Craig
#45615 by murphy
Sat Feb 06, 2010 10:58 am
Craig wrote:I'm forwarding DNS to a security camera system with a web page interface at address 2. (Set up with a static IP). I used to be able to use dyndns to access the cameras - but not any more. I've checked whatismyip and it matches what dyndns.com has. It just seems that ooma is somehow interfering, but I can't figure out how.
Craig

When you set a static IP address on a device you also have to program that device with the mask, the gateway address (usually the LAN side IP address of your router), and a DNS server (again, the LAN side IP address of your router for any modern router).
By forwarding the DNS port to IP address 2, you are preventing DNS responses from reaching any other device on your network.

Static IP addressing is usually a bad idea. See if your router has static reservation capability where you configure a specific IP address to be issued to a specific MAC address. It achieves the same result as a static IP address but automatically assigns the gateway, mask, and DNS server to the device.
#45754 by Craig
Sun Feb 07, 2010 8:33 am
Okay, I worked on this all day yesterday. I took your advice and removed all the static IP's from the network and used DHCP reservation based on MAC address - thanks for the tip. I even got the security cameras working that way. In any case, I removed the ooma from the system completely so I could test the dyndns going to the security cameras. It used to work on port 80, but not any more - but I got it going on a different port. Then I installed the ooma behind the router; dyndns still worked, but the QoS on the router just wasn't cutting it at all. So now I put the ooma in front of the router; QoS works great, but dyndns doesn't work any more. I'm trying to access <site>.dyndns.org:port and it seems as though the ooma is stripping the :port from the request. Any suggestions?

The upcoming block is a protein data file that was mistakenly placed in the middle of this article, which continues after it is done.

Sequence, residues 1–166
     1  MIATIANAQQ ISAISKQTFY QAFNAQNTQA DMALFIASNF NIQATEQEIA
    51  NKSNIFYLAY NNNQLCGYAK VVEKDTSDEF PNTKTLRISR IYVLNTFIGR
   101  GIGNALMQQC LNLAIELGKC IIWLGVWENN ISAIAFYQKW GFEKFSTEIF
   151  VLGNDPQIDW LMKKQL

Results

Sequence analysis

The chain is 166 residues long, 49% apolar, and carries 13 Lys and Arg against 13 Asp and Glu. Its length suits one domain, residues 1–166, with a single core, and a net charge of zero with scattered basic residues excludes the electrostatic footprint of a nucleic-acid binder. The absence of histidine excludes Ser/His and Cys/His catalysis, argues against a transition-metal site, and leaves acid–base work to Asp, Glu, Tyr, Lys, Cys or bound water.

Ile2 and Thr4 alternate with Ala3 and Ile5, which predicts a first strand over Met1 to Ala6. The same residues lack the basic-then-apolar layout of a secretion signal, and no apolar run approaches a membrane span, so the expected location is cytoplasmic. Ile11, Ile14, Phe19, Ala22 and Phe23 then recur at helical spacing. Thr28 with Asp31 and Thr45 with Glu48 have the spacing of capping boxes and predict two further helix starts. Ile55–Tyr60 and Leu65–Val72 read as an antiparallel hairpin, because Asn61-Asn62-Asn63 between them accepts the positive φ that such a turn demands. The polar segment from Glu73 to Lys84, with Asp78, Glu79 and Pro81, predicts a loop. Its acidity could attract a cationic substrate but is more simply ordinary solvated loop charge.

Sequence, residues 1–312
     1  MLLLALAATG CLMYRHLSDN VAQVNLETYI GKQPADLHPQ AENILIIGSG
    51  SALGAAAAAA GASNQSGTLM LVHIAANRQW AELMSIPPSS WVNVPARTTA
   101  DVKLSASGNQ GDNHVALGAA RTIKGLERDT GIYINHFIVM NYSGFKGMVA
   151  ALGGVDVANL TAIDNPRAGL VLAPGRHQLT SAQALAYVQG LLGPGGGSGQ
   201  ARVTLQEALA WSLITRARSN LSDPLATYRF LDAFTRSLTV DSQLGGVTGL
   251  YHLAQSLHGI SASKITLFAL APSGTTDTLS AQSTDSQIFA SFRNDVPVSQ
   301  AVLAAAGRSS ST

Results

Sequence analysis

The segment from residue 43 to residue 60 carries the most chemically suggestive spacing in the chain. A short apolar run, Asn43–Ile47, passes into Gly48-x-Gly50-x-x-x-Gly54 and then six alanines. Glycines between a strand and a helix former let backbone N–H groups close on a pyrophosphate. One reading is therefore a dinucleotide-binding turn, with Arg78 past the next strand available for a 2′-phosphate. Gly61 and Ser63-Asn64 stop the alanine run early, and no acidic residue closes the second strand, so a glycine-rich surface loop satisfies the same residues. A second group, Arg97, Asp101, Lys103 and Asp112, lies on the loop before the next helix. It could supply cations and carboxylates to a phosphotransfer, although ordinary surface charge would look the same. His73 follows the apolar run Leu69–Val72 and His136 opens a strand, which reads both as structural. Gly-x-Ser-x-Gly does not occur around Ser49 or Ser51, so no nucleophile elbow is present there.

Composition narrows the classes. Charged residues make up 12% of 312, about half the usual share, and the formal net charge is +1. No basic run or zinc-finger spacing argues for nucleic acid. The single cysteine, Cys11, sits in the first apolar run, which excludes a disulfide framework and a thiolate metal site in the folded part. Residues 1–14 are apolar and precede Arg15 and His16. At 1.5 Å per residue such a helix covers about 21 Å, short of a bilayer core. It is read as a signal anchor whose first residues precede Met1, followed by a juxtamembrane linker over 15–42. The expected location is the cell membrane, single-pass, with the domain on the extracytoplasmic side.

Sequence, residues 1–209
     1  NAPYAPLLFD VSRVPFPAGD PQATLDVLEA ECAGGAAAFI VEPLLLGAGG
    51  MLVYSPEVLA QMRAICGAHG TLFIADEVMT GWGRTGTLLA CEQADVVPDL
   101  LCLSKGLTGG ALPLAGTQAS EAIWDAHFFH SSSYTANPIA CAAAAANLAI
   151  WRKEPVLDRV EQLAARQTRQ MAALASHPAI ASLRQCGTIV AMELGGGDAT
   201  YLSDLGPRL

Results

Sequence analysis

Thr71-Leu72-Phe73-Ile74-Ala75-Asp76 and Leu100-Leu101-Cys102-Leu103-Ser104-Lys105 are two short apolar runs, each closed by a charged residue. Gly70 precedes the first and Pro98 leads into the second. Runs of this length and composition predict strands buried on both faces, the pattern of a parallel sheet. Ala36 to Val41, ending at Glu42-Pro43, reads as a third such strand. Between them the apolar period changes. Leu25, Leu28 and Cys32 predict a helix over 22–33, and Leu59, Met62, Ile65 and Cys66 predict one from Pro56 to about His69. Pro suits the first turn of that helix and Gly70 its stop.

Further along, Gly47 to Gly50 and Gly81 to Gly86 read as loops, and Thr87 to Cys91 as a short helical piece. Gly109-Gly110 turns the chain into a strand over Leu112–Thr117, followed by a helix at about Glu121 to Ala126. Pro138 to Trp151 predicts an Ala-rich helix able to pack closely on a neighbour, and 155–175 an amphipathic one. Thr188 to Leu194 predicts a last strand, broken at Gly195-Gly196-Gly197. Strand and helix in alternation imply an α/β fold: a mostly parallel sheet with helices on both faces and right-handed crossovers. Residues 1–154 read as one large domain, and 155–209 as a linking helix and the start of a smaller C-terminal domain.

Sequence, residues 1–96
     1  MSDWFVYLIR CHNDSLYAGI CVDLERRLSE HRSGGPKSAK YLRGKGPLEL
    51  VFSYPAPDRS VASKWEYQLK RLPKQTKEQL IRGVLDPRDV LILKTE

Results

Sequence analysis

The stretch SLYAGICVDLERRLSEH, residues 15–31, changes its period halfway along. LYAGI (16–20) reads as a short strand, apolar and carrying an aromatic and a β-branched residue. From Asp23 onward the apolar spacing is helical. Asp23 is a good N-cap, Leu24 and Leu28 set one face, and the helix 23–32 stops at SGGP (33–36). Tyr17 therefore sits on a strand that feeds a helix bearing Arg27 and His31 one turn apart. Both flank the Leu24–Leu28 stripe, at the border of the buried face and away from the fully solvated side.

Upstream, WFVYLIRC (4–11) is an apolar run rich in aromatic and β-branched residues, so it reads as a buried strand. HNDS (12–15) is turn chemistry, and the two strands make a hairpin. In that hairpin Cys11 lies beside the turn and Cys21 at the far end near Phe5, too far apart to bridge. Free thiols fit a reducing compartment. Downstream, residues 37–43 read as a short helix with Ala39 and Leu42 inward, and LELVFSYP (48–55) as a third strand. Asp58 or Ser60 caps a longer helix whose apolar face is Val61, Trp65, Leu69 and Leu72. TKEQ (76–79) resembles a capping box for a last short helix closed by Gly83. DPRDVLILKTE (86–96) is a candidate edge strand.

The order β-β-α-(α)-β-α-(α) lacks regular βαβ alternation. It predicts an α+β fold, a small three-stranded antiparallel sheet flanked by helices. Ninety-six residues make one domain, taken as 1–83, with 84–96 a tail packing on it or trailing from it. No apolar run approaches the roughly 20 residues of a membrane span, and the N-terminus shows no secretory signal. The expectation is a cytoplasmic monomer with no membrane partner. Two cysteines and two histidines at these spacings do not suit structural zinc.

Craig
#45757 by murphy
Sun Feb 07, 2010 8:47 am
Craig wrote:Okay, I worked on this all day yesterday. I took your advice and removed all the static IP's from the network and used DHCP reservation based on MAC address - thanks for the tip. I even got the security cameras working that way. In any case, I removed the ooma from the system completely so I could test the dyndns going to the security cameras. It used to work on port 80, but not any more - but I got it going on a different port. Then I installed the ooma behind the router; dyndns still worked, but the QoS on the router just wasn't cutting it at all. So now I put the ooma in front of the router; QoS works great, but dyndns doesn't work any more. I'm trying to access <site>.dyndns.org:port and it seems as though the ooma is stripping the :port from the request. Any suggestions?
Craig


I was not aware that DynDNS provided private URLs using their main web site address.
Mine is on

site.homeip.net

If you are trying that from inside of your network, that gets into the problem of whether or not your router handles loopback processing correctly. Ooma does not support loopback at all.

The best way to test is from a computer outside of your network.

Some ISPs block port 80 on a residential account because they usually prohibit hosting a server on a residential account.